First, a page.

However, I have serious doubts that the mere popularity of Argento's films is the sole reason holding up these releases. After all, there are other distribution companies that are releasing Blu-rays now who hold the rights to some of Franco's massive catalogue. (Image and Anchor Bay UK, possibly?) Another reason could be the rights licencing has expired... but really, what I fear is that it was the digitally technical aspect that allowed the Franco films to be restored onto DVD in the first place that's going to bite HD fans in the ass.

After watching some of the behind-the-scenes on the Anchor Bay UK box-set release of his films, I was witness to an extremely informative documentary on the restoration process of some of these Jess Franco titles. It broke down like this:

They transferred the film to digital media (in other words, they digitized the films). Creating mpeg2 standard-definition files from this digitization, the restoration thus began -- on the mpeg 2 files themselves. Hence, the digital restoration on Franco's films were attributed solely to the standard-definition DVD files they were going to be using to author the DVDs themselves. In order to go back to do a restoration for Blu-ray, they would have to do this entire process over again, starting with the original film prints.

Does it seem likely that these companies would take the time, under current economic circumstances, to do such a thing? Once again, I have my doubts. Still, I'm hoping Blue Underground or Image, who would appear to have some success with commercial Blu-ray releasing, will at some point get to these titles sitting at the back of their catalogues and throw dogs like me a bone.

So here's to patiently waiting...

-V.

Saturday, February 26, 2011

Dug up from the archives...

Holy crap, I found this article buried deep in the recesses of my hard drive as I was updating the Creepy Six Films site. This is an ancient article I'd written (and had posted on that site) to try to get people into the sexy femme fatales of the sixties & seventies European horror/thrillers I was (and still am) into. Re-reading the article, it made me cringe. I sounded as if I knew about things of this nature better than anyone else. Jeez, what a pretentious knob. I even wrote it under a pseudonym! What the hell was I thinking? Anyway, thought it might be fun to re-post it, warts and all (it hasn't been touched or re-written), and if anything, at least the crappy low-res stills I'd tracked down across the internet (back when it was properly spelled Internet) might provide some mild entertainment. Yes, feel free to skip over the entire article to get to them, too.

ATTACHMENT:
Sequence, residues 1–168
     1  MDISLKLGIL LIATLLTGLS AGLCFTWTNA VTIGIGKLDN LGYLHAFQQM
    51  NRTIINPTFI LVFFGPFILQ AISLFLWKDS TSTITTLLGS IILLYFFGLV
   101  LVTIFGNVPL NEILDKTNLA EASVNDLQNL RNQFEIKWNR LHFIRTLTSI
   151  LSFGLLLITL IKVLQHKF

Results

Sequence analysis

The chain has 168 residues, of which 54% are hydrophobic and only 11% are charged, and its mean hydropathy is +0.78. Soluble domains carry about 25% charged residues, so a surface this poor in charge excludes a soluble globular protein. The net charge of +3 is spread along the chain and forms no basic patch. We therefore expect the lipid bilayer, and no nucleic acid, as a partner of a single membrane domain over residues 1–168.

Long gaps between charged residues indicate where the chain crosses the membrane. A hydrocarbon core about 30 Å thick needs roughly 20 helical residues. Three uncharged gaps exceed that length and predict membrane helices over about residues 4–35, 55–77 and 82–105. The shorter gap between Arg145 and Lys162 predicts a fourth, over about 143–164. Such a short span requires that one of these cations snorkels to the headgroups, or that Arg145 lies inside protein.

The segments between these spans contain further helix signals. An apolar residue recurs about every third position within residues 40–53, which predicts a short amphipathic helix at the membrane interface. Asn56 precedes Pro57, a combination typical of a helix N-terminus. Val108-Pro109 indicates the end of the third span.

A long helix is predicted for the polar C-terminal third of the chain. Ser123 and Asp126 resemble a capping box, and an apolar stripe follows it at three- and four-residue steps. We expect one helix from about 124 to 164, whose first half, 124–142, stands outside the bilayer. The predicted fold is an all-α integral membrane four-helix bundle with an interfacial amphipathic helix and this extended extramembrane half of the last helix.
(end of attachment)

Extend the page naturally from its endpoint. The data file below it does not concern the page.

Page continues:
-V.

Eurochicks
Article by Ricky Laazar
Some of Europe’s thrillers and exploitation-genre pictures have managed to survive obscurity after several decades thanks mostly to the DVD revolution, and the independent studios that take the time to restore and re-release these films to fans and seekers of decidedly non-mainstream cinema. Most of these films come with a cult following attached, and a lot of the reasons for that are the uniquely beautiful actresses that have graced the celluloid of these foreign features. This article is dedicated to them.
Soledad Miranda (aka Susan Korda, Susann Korda) is best-known for her collaborations with Spanish director Jess Franco. After casting Soledad as “Lucy” along side Christopher Lee and Klause Kinski in Count Dracula, Franco obsessively cast her in a string of feature films to follow, including Nightmares come at Night, Euginie de Sade, The Devil Came from Akasava and the infamous Vampyros Lesbos and She Killed in Ecstasy. Soledad also appeared in several other features, including the American-produced 100 Rifles with Burt Reynolds & Raquel Welch, where she performed a topless cameo. Her features and on-screen presence are nothing short of utterly captivating, making Franco’s often dire films compulsively watchable. Sadly, just as Soledad was about to sign a five-picture studio contract with a German company, she lost her life in a car accident – the day she was to sign the contracts - cutting her career and her life short at the age of 27.
Barbara Bouchet is probably my favorite, a stunning (and I’ll only use this word once more in the course of this article) strawberry-blonde who actually has quite an extensive Italian filmography. North American viewers will be most familiar with the films Amuck! – a sex/revenge picture that made it into U.S. theatres in the 70’s, Don’t Torture a Duckling – Italian cult director Lucio Fulci’s infamous thriller where she has a lead role (and she’s featured in a very sexy early scene), and finally in Martin Scorsese’s Gangs of New York, where she has a small role. Most of Barbara’s films were produced in Italy in the 70’s, but she also appeared in the American publication of Playboy magazine in a nude pictorial in the 70’s.
Okay, this is where I use that word for the second time – the absolutely stunning brunette Edwige French, an Italian actress that has had showy rolls in Italian thrillers of the 60’s & 70’s such as The Case of the Bloody Iris and the famous director Mario Bava’s 5 Dolls for an August Moon. When Edwige French is on the screen, she rules the scene with her beauty, energy and playful approach to her acting (referring to the 5 Dolls film). Of all the actresses, Edwige is probably the least known, appearing in several lesser-known Italian thrillers including Sergio Martino’s Your Vice is a Closed Room and Only I Have a Key.